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15 Facts About Ecuador’s Vermilion Flycatcher shares the best travel insights, facts, and photos. When you use our links, we may earn an affiliate commission. Learn more.

The male vermilion flycatcher is a tiny bright red bird. He is a real attention grabber! The first one we saw was in the Galapagos Islands on Isabela Island. We have also seen them in the Yunguilla Valley, just south of Cuenca, Ecuador.

(Read more about living in Ecuador)

15 Facts About The Vermilion Flycatcher (Pyrocephalus Rubinus)

  1. Can be found in the southwestern United States, Mexico, Central, and South America
  2. The adult males are blackish-brown with a bright red head, neck, and underside
  3. Their color fades in captivity
  4. The adult females are light grey with a peach-colored belly
  5. They grow to about six inches in length
  6. The young male resembles the adult female
  7. The young females have a yellow-colored belly
  8. Their nests are made of twigs and lined with hair/feathers
  9. They lay two to four whitish eggs
  10. The male and female share in raising the young
  11. The eggs hatch in about two weeks
  12. The young leave the nest after only 15 days
  13. They eat insects like grasshoppers, flies, dragonflies and beetles which they usually catch  in midair
  14. They sometimes sing “peet-a-weet-a-weet, peet-peet
  15. Are normally found in arid areas with low-lying bushes, near a water source

The Male and Female Vermilion Flycatcher

The male stands out so much more than the female!

Male vermilion flycatcher
Female vermilion flycatcher
Close up of the male vermilion flycatcher
Close up of the female vermilion flycatcher

Have you seen vermilion flycatchers? Where did you see them? We would love to hear all about it in the comments on this post.

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  1. I live on the west side of the Yungilla Valley just south of Santa Isabel, EC. I see these beautiful birds here off and on. I think the locals call them Tamisians.

  2. Ecuadorian here.
    I work at a private school in the Ambato’s outskirts.
    I often see this bird around the parking lot and near the soccer fields.
    I could snap a picture one day and started my research.
    It turns out this little fella loves open spaces, that probably why it’s not seen in the city
    Watching this little red friend always makes my day.

  3. I live in Los Angeles in the San Fernando Valley. , I’ve been taking pictures, of the same male vermilion flycatcher for almost a year , it seems odd that he is the only one in this area , it seems his chances of finding a mate are slim, anyway , I’m just wondering why , it’s still here, after all this time ?

  4. My friends and I saw two male vermillion flycatchers on October 3, 2019 about 11 am at the Middle of the World Monument. I have pics to document. Will try to send.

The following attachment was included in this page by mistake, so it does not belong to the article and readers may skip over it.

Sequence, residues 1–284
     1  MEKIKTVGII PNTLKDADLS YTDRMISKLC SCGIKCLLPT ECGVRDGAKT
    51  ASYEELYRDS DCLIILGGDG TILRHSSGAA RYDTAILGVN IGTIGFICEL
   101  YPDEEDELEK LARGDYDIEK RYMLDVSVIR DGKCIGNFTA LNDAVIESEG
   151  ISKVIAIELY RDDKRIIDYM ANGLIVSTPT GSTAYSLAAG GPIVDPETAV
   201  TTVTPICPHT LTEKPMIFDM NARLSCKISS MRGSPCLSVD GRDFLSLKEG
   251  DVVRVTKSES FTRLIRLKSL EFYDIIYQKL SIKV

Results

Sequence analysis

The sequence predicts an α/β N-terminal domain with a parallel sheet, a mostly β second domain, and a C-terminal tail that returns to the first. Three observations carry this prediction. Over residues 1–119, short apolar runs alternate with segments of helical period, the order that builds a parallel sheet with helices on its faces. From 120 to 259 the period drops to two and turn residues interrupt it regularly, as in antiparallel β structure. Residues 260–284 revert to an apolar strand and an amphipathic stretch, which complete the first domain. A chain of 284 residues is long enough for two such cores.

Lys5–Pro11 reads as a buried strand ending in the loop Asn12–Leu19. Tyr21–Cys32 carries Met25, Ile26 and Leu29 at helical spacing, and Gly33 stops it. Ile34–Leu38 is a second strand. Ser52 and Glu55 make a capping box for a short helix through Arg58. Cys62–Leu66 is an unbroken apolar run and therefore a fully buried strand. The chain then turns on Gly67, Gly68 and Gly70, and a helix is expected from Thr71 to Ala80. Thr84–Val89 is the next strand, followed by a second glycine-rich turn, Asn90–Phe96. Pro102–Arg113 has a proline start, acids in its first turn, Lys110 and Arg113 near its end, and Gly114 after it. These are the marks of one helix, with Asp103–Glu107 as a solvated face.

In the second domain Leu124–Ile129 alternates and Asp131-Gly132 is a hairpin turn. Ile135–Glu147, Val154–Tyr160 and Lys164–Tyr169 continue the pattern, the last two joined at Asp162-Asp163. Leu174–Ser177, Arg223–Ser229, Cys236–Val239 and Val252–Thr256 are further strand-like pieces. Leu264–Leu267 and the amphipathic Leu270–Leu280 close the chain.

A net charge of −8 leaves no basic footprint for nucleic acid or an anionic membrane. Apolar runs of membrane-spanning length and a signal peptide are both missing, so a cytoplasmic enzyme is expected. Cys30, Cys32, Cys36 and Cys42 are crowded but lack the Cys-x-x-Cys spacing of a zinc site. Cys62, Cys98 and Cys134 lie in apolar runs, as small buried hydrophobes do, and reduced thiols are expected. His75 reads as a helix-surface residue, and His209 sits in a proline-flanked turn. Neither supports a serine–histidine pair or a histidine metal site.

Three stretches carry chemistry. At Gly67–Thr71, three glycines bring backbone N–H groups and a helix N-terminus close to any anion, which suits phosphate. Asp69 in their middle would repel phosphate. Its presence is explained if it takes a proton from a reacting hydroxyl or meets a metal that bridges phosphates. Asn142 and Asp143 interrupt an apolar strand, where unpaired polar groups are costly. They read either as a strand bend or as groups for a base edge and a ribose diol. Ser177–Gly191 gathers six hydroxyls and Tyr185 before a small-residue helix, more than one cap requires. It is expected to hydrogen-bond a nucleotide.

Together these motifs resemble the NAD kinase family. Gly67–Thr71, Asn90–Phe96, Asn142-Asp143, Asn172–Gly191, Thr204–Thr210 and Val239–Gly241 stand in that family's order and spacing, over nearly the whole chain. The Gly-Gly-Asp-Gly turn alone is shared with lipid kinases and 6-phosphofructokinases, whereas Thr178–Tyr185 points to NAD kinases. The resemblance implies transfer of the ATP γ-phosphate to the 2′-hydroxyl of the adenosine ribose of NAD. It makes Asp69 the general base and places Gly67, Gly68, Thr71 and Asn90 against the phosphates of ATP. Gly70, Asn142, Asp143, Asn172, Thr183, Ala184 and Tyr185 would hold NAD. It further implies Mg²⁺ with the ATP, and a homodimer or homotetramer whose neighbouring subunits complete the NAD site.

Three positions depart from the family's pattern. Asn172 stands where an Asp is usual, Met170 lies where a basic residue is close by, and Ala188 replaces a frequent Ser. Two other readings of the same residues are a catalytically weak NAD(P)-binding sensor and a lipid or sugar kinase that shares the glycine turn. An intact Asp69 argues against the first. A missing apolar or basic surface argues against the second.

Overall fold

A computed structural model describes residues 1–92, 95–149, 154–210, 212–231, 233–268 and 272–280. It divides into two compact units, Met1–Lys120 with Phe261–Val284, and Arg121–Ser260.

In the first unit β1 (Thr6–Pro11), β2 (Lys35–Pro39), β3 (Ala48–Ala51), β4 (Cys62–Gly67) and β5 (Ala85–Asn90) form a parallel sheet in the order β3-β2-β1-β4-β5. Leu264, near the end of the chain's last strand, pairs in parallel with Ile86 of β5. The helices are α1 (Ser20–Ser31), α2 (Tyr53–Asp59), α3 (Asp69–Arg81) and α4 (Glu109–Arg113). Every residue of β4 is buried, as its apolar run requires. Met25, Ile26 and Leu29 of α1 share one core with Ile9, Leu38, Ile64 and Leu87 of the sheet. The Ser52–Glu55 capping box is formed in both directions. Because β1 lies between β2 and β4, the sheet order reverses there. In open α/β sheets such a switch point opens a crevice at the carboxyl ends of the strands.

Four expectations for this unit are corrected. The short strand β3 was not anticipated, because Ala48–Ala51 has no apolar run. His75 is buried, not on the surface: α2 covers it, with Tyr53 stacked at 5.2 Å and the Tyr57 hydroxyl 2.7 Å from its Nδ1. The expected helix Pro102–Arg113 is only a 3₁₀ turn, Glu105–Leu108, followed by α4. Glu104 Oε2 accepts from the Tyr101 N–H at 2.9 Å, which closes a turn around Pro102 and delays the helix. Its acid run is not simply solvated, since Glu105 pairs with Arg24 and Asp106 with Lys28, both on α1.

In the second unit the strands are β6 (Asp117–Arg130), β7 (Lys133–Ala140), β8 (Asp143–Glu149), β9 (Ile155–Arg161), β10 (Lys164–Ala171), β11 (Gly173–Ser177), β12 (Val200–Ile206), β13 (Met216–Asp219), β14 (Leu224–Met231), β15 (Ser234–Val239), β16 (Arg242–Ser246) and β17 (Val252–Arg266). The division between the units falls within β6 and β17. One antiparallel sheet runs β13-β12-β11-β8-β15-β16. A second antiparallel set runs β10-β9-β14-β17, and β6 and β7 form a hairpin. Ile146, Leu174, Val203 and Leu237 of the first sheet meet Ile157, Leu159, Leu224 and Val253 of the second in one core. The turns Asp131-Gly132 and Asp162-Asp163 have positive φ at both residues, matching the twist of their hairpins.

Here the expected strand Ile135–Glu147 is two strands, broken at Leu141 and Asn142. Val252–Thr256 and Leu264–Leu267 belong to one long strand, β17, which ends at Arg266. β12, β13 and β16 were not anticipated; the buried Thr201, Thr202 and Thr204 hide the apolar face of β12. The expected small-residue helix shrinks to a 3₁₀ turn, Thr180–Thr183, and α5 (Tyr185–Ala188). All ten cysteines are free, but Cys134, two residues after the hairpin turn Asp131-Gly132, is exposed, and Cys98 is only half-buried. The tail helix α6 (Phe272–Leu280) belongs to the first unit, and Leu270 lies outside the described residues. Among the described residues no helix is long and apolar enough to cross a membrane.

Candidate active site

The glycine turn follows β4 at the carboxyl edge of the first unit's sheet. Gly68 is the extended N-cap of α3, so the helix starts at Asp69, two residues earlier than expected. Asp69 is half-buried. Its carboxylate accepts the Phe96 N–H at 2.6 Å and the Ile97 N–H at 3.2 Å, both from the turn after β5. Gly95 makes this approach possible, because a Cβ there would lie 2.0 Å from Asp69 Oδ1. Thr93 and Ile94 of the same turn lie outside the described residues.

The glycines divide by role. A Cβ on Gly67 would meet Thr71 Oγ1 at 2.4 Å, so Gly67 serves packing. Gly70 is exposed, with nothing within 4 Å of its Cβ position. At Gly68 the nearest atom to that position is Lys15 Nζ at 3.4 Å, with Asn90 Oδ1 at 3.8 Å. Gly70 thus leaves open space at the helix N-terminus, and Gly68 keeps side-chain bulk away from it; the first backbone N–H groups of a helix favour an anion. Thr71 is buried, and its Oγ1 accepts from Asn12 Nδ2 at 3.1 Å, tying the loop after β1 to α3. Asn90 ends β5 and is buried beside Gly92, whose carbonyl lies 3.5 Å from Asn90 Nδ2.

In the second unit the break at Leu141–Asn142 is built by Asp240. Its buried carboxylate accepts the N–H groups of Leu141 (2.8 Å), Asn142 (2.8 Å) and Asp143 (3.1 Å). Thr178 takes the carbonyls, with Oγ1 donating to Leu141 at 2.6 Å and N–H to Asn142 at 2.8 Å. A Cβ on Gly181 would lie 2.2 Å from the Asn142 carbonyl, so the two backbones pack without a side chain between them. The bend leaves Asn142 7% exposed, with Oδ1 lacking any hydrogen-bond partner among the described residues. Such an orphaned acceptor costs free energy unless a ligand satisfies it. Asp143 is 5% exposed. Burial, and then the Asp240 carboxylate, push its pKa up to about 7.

5. I live in Tucson. I saw the little red bird a few months ago….now he lives in my backyard in Tucson. I saw him feeding his mate…a grey-er bird, same size, without the red…We named him Ephron. He is such a delight. He likes to perch atop a plant hanger and flits and flys about me when I am watering.

  6. We live in Cumbaya near Quito. My wife spotted the Vermillion Flycatcher in front of our home on the electric line. I did not know it was Vermillion Flycatcher until I read your article as I do not know much about many birds. I took some pictures with my phone and it was not clear. We saw Vermillion Flycatcher in Vilcabamba too where we use to live before. Thanks for the insight of these tiny birds. What a delightful creation of a Loving God.

  7. We live at about 6500 ft elevation between Ibarra and Urcuqui in a farming district. Our climate is fairly dry here relative to much of Ecuador. We have an abundance of Vermillion flycatchers all around here. It is one of our most common species in the area, other than Cattle egrets and Rufous collared sparrows.

  8. When we lived in Olon, near Montanita, there was a pair of these that lived near our house. He was always on the power lines, singing away – a wonderful daily sight! You took some awesome pictures. We found them to be camera shy!

  9. The first time we saw these amazingly bright red coloured little fellows was just below our property in Mollepamba, just outside Vilcabamba a few years back. We would walk into town and near the dairy farm on some bushes was this bright red bird. We were told that if you saw this little fellow facing you, you would have good luck, but if he had his back to you, well apparently this was not good. Ah, the legends.

  10. We were fortunate to see a Vermillion Flycatcher while on a hike to the Sierra Negra caldera also on Isabela Island in the Galapagos Islands about four weeks ago. Our guide was so excited to see one he quickly pulled his camera out and began snapping photos. He told us they are an uncommon sighting and seeing one is thought to bring luck.

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